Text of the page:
2001: A Speaker Odyssey - The Speaker Recognition Workshop
June 18-22, 2001
Automatic speaker recognition technology appears to have reached a sufficient level of maturity for realistic application in the field of forensic science. However, there are key issues to be solved before the forensic community will accept its use as an investigative assistant or as evidence in actual criminal cases. To assess the state of the technology, the Federal Bureau of Investigation (FBI) built a speech corpus that included multiple levels of increasing difficulty based on text-independence, channel-independence, speaking mode, and speech duration. An evaluation of multiple automatic speaker recognition programs indicated that a large GMM model-based recognition algorithm operating with features that are robust with respect to channel variations had the best performance. In this paper we describe (1) the results of evaluations of the recognition performance produced by multiple participating research organizations, (2) The FBI's initial Forensic Automatic Speaker Recognition (FASR) program based on these concepts, and (3) a confidence measurement method to indicate the probabilistic certainty level of correctness of each recognition decision. We will also discuss the need and justification for input speech screening and pre-processing to improve the recognition performance of the FASR as applied in a real forensic environment.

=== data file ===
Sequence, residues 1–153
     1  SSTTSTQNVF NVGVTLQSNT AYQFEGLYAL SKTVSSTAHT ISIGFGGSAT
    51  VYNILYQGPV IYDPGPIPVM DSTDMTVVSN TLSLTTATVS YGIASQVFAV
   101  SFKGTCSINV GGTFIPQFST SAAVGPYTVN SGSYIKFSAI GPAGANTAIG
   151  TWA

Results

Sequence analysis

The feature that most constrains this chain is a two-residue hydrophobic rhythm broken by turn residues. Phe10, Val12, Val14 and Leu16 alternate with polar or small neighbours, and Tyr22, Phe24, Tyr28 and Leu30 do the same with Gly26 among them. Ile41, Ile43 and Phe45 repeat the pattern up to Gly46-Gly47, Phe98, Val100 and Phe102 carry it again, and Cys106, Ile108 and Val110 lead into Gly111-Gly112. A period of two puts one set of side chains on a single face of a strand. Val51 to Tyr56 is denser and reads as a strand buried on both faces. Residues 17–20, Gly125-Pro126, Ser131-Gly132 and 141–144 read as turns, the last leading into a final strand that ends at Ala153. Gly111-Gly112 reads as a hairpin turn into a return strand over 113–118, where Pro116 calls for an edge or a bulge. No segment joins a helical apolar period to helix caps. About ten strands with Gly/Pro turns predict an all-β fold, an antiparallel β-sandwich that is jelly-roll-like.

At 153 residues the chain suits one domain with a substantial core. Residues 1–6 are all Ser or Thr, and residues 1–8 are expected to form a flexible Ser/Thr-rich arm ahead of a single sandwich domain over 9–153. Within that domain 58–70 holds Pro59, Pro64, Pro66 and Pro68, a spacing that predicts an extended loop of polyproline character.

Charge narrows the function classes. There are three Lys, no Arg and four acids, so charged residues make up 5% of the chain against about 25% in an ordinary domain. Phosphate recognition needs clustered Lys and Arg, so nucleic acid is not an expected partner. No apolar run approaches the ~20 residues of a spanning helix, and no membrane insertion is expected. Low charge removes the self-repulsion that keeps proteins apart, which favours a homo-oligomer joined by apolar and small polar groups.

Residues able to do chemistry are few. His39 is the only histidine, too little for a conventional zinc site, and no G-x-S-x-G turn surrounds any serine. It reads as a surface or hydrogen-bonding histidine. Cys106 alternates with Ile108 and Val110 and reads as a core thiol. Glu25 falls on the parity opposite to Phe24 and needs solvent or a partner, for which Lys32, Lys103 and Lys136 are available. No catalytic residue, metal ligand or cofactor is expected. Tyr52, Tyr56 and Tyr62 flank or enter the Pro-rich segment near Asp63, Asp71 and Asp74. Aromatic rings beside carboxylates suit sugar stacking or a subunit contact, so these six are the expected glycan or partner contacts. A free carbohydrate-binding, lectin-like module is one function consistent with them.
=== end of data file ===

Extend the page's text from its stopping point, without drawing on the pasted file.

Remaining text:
Full Paper Presentation
Bibliographic reference. Nakasone, Hirotaka / Beck, Steven D. (2001): "Forensic automatic speaker recognition", In ODYSSEY-2001, #.